August 21, 2009
WRNI, WSTL and WBRU, Providence, RI
Back in January, we did something we rarely do in the depths of winter - we headed for the heart of New England, an area we usually try to visit in pretty much any other season but winter.
In this case, though, we were racing against time: with the Providence TV market sticking to the original February 17, 2009 deadline to shut down their analog signals, we wanted to capture as much as we could of the market's TV infrastructure while the analog stations were still there.
In this week's installment, we show you the last visits of that long day, which continued for several hours after the sun went down (not that that's hard to do in Rhode Island in January, when the sun seems to set a little after 3.)
Our first post-sunset stop took us out Route 7 (Douglas Avenue) to the northwestern corner of Providence, where the transmitter site of WRNI (1290) sits right on the city line separating North Providence from Providence. It had been many years since we'd seen this site - about 15 years, in fact. Back then, 1290 was Portuguese-language WRCP, and the first floor of this building was a dark warren of little rooms that included a little studio and a hallway lined by vintage transmitters and phasors.
But back in 1998, Boston University's WBUR bought WRCP, transforming it into public radio WRNI - and over the next few years, the Douglas Avenue site was completely rebuilt, including four new towers (you can see 'em over at NECRAT, since we couldn't see them in the dark!) and a total gutting of the transmitter building, now home to a new phasor and two new transmitters for 1290's upgrade from 5 kW to 10 kW back in 2003.
WRNI built new studios, too, in the "One Union Station" building downtown, where there's a nice high-ceilinged office area and an even higher-ceilinged newsroom, separated by a core of two studios, one for talk shows and one to serve as a control room. (Check out the floor-length windows, a trademark of acoustic designer Russ Berger, who works with many public radio stations.)
When we visited, WRNI was just in the process of assuming total independence from WBUR, giving Rhode Island a hometown public radio voice for the first time in its history.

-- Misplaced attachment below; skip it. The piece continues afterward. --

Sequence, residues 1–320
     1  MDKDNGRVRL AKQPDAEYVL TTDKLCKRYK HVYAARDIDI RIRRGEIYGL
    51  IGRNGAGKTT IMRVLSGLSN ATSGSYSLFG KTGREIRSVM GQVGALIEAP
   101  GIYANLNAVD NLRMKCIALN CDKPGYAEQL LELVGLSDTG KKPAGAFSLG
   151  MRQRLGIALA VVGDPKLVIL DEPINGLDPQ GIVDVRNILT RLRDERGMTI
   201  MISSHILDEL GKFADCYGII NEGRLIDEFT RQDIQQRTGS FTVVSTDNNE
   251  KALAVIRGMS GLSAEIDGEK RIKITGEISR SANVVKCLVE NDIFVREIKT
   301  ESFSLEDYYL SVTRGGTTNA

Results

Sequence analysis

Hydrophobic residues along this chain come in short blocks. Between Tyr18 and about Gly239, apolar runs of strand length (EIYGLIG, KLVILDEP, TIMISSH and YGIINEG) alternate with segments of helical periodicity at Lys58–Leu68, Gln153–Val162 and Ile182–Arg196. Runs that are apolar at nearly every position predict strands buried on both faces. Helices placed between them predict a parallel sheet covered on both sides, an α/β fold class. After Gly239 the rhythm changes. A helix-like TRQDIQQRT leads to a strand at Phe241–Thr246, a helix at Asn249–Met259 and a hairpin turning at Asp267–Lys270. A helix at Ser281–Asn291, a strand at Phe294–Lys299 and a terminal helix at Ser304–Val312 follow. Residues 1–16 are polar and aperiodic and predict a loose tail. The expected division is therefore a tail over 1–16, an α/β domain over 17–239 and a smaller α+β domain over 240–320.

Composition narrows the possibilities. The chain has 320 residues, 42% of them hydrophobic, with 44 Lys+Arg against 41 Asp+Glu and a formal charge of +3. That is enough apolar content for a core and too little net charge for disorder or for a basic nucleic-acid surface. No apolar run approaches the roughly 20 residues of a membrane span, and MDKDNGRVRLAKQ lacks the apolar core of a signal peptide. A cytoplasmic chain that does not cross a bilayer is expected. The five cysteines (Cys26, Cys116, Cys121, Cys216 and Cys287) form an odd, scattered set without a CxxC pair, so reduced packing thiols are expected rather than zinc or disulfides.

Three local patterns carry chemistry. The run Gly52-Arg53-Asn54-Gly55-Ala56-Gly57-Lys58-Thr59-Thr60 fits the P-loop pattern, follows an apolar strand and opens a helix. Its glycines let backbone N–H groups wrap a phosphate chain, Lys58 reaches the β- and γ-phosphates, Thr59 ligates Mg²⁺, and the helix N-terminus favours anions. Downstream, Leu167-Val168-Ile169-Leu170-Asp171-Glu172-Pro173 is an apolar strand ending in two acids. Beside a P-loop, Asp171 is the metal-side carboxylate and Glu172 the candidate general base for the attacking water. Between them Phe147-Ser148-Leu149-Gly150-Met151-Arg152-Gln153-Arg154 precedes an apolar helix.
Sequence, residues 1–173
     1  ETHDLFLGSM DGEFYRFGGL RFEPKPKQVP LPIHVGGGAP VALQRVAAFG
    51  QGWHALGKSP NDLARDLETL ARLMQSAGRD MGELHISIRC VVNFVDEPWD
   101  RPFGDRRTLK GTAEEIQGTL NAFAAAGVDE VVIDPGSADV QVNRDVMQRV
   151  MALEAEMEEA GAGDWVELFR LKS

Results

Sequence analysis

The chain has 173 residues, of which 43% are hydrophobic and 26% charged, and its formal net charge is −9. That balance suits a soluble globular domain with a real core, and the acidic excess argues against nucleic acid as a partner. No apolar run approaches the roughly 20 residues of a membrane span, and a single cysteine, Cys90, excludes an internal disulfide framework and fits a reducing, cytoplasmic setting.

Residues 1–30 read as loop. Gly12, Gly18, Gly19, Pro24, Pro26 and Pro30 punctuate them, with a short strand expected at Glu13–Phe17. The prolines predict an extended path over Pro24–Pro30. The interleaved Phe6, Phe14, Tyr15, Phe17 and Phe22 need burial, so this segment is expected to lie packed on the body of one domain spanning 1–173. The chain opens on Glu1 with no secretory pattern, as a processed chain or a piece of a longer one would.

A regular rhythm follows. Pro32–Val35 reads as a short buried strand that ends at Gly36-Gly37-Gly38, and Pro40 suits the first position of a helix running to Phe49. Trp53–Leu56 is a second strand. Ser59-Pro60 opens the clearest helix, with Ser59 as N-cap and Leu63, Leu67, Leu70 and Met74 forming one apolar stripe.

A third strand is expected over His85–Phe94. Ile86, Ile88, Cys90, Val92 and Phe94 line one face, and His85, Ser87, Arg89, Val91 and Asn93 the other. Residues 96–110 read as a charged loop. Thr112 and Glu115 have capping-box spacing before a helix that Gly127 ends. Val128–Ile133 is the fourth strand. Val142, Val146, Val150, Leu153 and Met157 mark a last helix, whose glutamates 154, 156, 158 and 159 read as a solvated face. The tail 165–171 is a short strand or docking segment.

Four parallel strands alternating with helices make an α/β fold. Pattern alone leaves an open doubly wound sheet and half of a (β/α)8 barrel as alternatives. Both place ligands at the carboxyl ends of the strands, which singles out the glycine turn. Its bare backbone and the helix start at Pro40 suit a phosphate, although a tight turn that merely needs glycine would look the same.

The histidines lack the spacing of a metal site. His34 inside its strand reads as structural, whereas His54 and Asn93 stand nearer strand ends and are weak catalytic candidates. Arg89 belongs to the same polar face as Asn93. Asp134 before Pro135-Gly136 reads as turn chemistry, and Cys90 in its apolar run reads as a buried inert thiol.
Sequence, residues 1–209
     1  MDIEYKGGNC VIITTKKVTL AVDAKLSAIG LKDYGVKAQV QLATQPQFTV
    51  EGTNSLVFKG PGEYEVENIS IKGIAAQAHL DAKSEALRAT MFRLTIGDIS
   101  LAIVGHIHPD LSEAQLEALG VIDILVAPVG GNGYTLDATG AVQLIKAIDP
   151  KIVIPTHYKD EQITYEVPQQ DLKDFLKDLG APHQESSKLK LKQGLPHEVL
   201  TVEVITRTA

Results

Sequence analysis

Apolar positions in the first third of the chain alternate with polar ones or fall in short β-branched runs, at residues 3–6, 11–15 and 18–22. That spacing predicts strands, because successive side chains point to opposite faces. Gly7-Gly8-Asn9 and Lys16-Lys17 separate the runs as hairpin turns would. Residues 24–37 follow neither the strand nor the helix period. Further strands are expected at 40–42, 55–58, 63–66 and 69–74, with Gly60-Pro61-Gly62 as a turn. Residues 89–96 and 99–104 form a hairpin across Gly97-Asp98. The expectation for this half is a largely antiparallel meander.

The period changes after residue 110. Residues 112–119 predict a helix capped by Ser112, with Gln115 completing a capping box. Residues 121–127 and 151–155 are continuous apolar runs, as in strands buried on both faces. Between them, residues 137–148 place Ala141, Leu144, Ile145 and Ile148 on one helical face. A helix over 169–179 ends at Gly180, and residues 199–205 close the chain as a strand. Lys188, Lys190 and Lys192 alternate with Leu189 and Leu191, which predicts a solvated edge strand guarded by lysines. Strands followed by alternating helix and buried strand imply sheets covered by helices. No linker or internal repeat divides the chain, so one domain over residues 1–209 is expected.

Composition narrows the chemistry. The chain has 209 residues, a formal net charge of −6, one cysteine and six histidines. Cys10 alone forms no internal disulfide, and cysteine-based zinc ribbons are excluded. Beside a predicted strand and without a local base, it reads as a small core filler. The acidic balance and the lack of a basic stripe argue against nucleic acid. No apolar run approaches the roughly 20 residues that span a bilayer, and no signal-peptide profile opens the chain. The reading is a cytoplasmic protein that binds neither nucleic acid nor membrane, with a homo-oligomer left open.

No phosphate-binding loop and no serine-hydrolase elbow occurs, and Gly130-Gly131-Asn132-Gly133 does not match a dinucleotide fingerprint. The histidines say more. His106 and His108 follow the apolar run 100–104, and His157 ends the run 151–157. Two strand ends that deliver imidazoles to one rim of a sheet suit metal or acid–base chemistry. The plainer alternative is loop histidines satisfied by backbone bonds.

Our next stop was another facility we'd seen before in daylight; indeed, Providence's AM 1220 was even featured in a Tower Site Calendar a few years ago.
Back then, it was Carter Broadcasting's WRIB, and the little building on a dead-end stub called Water Street across the water from downtown Providence was home to studios and offices for the leased-time ethnic station.
Since then, Carter has sold the station to an East Providence church, which kicked out the leased-time programmers, changed the calls to WSTL and moved the studios down I-195 to East Providence.
But the transmitter stayed out here, and WSTL recently added an AM-on-FM translator, W229AN (93.7), broadcasting from a single bay mounted on a short pole just to the left of the front door.
The old WRIB studios are still in place inside, though they don't see much use these days - and the little alcove across the hallway where the original Nautel transmitter sat a few years back is now home to a newer Nautel J1000 AM transmitter, with the W229AN Crown transmitter mounted just below. (There's also a lower-power transmitter to the left that is, or was, used for WSTL's minimal nighttime operation.)
And in the adjacent rooms that once held the WRIB offices, it's just empty space now...except for the little metal boat that the engineers use to get out to the transmitter, which sits on a tiny island in the middle of the river!
One more visit remains in this long day (and night) of Providence station-hunting: engineer Dave Doherty, who takes care of WSTL, has promised pizza for friends of NERW and Tower Site of the Week, over at the other station he maintains - WBRU (95.5), the commercial modern rocker that's operated by Brown University students through the Brown Broadcasting Company.
We'd been here before, too, during a college-radio convention two decades ago and again during a NERW get-together a decade or so later, and the basic layout of the studios in an old firehouse on Benevolent Street was unchanged: offices and a conference room downstairs, studios upstairs.
But there were some new developments here as well: updated processing and logging and automation in the rack room and new Radio Systems consoles in the newsroom and adjoining main studio.
It's still an awfully nice facility for a college station (a big-signalled commercial class B college station, mind you!), and it's nice to see independent radio alive and well at WBRU.